I made a few appearances in Merton’s journal from those days:
April 29, 1958. . . .
Fr. Sebastian is in the hospital for a nose operation. He has assured us that he wanted to have it. He suffers continually with an allergy. And with philosophy. Is a touchingly good and simple person, and another one of those for whom there appears to be no special place anywhere and who nevertheless stay. I hope. What he loves: birds, the garden, the brethren, chant. What he hates: philosophy, Trappist spirituality, all spirituality, probably some of the brethren. But I doubt if he could hate a person.
As a result of the operation for a deviated septum, I had to go to Louisville for monthly checkups. One time I went with Fr. Louis who often went to town to see his doctor as well as see to tend to the publication of his many writings. We each went to take care of business and would meet at the Louisville library where our driver would pick us up to return to the abbey. Once we were able to dally there for a bit of fun.
May 18, 1958
Had bad luck [in the Louisville library] with the record music piped up from the cellar–Couldn’t get Hopis and Navajos as I wished–but a little Art Tatum (yes) and later, with Fr. Sebastian, some Villa-Lobos and Fr. S. who is exceedingly sensitive to music, liked it.
One day on the return to Gethsemani, he said that we had some money left and why shouldn’t we have a beer at the Blue Bird Inn in New Haven (a little town close to the monastery). We did so, and I, not used to alcohol at that time, felt it strongly. We rushed back so that we would not be late for Vespers. He and I, on opposite sides of the choir were turning the pages of the huge books in front of us which contained the office we were chanting. I occasionally looked over toward him and he to me and we both had a bit of a suppressed laughing fit each time our eyes met. That was the last time we drank together.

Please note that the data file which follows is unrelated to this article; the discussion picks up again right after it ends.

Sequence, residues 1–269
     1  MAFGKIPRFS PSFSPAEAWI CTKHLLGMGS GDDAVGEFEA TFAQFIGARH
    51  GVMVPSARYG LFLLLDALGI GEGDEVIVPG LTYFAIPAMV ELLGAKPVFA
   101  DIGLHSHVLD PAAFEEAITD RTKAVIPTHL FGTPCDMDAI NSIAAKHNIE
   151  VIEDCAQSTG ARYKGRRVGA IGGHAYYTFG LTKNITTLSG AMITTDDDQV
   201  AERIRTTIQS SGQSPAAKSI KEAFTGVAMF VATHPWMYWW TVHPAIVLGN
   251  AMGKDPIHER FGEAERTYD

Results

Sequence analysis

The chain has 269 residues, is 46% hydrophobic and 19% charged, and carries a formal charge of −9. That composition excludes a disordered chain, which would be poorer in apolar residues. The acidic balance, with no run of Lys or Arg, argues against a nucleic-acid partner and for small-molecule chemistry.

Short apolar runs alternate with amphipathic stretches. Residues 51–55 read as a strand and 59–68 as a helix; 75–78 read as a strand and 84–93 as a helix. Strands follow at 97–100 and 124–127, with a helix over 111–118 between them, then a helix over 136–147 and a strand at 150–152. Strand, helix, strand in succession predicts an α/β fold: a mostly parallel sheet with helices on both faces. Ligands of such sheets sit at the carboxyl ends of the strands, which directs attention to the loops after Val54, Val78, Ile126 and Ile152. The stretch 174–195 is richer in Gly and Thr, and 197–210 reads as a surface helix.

During Chapter one morning the Abbot raved on about fiction and classical music.
January 2, 1959
For Rev. Fr., incidentally, all novels are “love-stories,” and that is that….However I did spend some fruitful hours this Summer sitting in the straw and reading DR. ZHIVAGO. I know Fr. Sebastian is enthusiastic about Sigrid Undset and he looked a bit disgusted.
The novitiate is normally a period of two years and led to simple vows. I took my vows in December of 1957. As a prelude to such a serious decision you were given time for a retreat in which you were exempt from certain duties so that you could go off into the woods or wherever to meditate on the ramifications of such a decision. At the beginning of my retreat Fr. Louis asked me if I would look at his manuscript of Thoughts in Solitude while walking in the woods. This was quite exciting for me and having read it, I told him that it was wonderful and I meant every word of it. I was never a fan of any of his more theological books. This one was different, more down to earth and kind of hands-on.